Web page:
It is ridiculous and reckless to rely on manufacturers to test for the safety of GMO crops. Consumers have a right to know!

Jennifer Lance at Permalink social bookmarking

September 26, 2011

Really Natural Cookbooks + Recipe: The Cooking Light Gluten-Free Cookbook: Simple Food Solutions for Everyday Meals

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My father is a celiac, and I have dappled with a gluten-free lifestyle myself. Once you get started, it is really quite simple to learn to cook gluten-free, whether it is simply a choice or medical need.

The Cooking Light Gluten-Free Cookbook: Simple Food Solutions for Everyday Meals is filled with great recipes and photographs to get your mouth watering!

Here's an example of a recipe:

Cinnamon-Raisin Muffins with Streusel Topping

Streusel:

1⁄4 cup chopped walnuts

1⁄4 cup packed light brown sugar

2 tablespoons brown rice flour

(such as Bob's Red Mill)

1⁄2 teaspoon ground cinnamon

11⁄2 tablespoons canola oil or

butter


Muffins:

Cooking spray

3.3 ounces brown rice flour (about

3⁄4 cup; such as Bob's Red Mill)

4.1 ounces potato starch (about

3⁄4 cup)

2.1 ounces tapioca flour (about

1⁄2 cup)

3⁄4 cup granulated sugar

1 tablespoon baking powder

11⁄2 teaspoons xanthan gum

1⁄2 teaspoon ground cinnamon

1⁄2 teaspoon salt

3⁄4 cup raisins

1⁄4 cup chopped toasted walnuts

1⁄3 cup canola oil

1 teaspoon vanilla extract

2 large eggs

1 cup plain soy milk



1. Preheat oven to 400°.


2. To prepare streusel, combine first 5 ingredients in a small bowl with a fork until mixture resembles small peas.


3. To prepare muffins, place 18 paper muffin cup liners in muffin cups. Coat liners with cooking spray; set aside.


4. Weigh or lightly spoon brown rice flour, potato starch, and tapioca flour into dry measuring cups; level with a knife. Combine brown rice flour, potato starch, tapioca flour, granulated sugar, and next 4 ingredients in a large bowl, stirring with a whisk. Stir in raisins and walnuts; make a well in center of mixture. Combine oil, vanilla, and eggs in a medium bowl, stirring with a whisk. Stir in soy milk; add to rice flour mixture, stirring just until moist. Spoon batter evenly into prepared muffin cups. Sprinkle batter evenly with streusel topping.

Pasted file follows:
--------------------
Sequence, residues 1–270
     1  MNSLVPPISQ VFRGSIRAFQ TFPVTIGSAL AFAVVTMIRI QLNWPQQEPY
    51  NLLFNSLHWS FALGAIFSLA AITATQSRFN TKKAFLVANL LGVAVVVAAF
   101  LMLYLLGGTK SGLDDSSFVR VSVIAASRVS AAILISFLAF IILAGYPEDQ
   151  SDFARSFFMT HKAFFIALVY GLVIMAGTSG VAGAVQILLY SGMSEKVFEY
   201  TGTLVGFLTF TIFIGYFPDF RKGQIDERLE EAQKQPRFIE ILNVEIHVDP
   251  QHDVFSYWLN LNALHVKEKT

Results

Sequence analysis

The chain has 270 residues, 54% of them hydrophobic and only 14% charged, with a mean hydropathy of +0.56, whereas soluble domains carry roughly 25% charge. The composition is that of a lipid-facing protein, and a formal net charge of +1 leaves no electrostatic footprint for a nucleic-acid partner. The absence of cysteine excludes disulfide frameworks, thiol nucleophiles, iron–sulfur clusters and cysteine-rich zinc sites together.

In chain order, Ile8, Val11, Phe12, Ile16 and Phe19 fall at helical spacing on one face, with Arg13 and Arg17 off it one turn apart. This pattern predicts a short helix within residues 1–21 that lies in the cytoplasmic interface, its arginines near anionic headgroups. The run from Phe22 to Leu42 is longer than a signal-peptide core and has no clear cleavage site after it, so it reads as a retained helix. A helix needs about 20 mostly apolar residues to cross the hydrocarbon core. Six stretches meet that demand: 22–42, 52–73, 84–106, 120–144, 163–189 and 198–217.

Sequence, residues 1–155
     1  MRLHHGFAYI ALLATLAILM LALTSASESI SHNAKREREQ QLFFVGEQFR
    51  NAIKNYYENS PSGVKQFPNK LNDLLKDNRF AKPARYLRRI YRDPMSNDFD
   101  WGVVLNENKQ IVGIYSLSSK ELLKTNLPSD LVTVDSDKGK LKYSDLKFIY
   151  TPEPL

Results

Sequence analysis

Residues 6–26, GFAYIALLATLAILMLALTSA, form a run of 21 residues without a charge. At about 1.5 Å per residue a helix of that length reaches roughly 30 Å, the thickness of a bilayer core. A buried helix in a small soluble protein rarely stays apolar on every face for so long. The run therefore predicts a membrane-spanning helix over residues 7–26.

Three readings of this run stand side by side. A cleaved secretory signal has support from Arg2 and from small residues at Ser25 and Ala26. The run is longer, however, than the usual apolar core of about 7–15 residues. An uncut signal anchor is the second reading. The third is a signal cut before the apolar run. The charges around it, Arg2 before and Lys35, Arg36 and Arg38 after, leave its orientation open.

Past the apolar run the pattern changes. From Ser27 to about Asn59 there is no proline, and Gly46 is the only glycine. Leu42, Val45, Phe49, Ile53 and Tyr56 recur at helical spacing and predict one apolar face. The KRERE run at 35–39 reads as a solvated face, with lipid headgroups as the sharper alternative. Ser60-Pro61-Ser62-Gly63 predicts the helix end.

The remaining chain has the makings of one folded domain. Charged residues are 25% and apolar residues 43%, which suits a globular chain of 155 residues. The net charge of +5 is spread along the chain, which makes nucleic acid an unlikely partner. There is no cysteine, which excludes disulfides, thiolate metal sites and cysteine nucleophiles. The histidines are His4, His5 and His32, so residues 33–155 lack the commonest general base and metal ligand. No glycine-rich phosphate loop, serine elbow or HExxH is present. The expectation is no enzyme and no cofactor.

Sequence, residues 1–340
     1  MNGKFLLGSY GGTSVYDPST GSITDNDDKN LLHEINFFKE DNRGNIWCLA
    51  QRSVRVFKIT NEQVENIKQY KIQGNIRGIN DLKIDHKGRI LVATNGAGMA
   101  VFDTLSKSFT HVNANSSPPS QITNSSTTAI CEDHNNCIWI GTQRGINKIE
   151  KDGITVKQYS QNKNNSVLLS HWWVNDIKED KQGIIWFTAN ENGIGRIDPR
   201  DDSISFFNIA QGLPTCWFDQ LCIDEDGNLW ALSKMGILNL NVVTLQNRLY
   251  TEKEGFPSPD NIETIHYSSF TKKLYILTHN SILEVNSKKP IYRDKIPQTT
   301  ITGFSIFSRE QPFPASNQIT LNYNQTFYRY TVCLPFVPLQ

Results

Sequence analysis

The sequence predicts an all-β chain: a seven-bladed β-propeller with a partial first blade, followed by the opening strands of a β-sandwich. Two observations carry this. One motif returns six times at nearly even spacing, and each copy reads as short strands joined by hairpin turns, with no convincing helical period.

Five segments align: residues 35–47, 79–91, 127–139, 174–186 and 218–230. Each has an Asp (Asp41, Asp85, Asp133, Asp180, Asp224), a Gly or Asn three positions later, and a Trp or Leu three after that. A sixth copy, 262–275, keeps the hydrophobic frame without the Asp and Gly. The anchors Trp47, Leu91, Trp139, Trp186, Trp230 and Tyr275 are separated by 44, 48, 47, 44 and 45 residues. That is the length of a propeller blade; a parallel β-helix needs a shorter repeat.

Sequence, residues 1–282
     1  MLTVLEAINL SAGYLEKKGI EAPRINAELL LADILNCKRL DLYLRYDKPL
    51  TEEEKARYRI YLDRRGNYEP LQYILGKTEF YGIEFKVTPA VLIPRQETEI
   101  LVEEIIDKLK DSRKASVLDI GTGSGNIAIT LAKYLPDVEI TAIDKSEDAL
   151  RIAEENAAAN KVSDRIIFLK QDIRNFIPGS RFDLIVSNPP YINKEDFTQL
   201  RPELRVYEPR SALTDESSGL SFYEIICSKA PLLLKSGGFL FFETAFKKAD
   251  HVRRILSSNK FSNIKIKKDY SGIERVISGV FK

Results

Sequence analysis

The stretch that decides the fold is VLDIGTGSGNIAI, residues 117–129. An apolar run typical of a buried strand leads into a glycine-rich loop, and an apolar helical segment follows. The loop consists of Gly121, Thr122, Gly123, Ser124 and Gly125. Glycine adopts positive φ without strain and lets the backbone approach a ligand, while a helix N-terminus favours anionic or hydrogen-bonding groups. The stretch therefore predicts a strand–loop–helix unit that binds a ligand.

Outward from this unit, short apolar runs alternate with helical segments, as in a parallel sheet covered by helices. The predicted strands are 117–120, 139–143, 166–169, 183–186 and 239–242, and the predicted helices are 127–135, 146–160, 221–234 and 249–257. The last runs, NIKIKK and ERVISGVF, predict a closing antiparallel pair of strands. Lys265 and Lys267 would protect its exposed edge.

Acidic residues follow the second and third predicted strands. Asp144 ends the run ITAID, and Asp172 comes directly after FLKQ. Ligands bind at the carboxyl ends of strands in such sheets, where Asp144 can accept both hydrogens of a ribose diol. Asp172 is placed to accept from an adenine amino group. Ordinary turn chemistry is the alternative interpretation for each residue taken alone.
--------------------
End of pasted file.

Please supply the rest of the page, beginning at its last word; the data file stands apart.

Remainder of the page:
5. Bake at 400° for 20 minutes or until muffins are lightly browned and spring back when touched lightly in center. Cool in pans 5 minutes on a wire rack. Serve warm. Yield: 18 servings (serving size: 1 muffin).


CALORIES 201; FAT 8.5g (sat 0.8g, mono 3.9g, poly 3.2g); PROTEIN 2.3g; CARB 31g; FIBER 1g; CHOL 24mg; IRON 0.6mg; SODIUM 149mg; CALC 57mg


I can't wait to try out these recipes!  Many of the recipes are not vegetarian, but it is pretty easy to adapt them, and this cookbook does not claim to be a vegetarian, gluten-free one.  Also, some recipes rely on gluten-free mixes, like Pamela's Ultimate Baking and Pancake Mix, which doesn't both me as it simplifies the recipes, and it is always stocked in my pantry.

Disclosure: I was sent free samples of these products to review. No prior assurances were given as to whether the review be positive or negative.

Jennifer Lance at Permalink social bookmarking

September 16, 2011

All Natural Popcorn Chips: Chip'ins by Popcorn Indiana

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Popcorn Indiana makes great snacks. We recently tried their Popcorn Indiana, Chips'in Sea Salt.

Here is the chip'ins for Purists. The main ingredients: Corn, sea salt, and air. While we couldn't park a farm right next to the ocean (though that would be pretty sweet), we were able to create the next best thing: Sea Salt chip'ins, the perfect, all natural triumvirate of taste, purity and crunch. Enjoy, and Munch Better.™

Unfortunately, they are not made from organic ingredients, and most of the corn grown commercially in this country is GMO. I also expected them to have chunks of popcorn in them. Instead, they are have pockets of air in the corn chip.

Disclosure: I was sent free samples of these products to review. No prior assurances were given as to whether the review be positive or negative.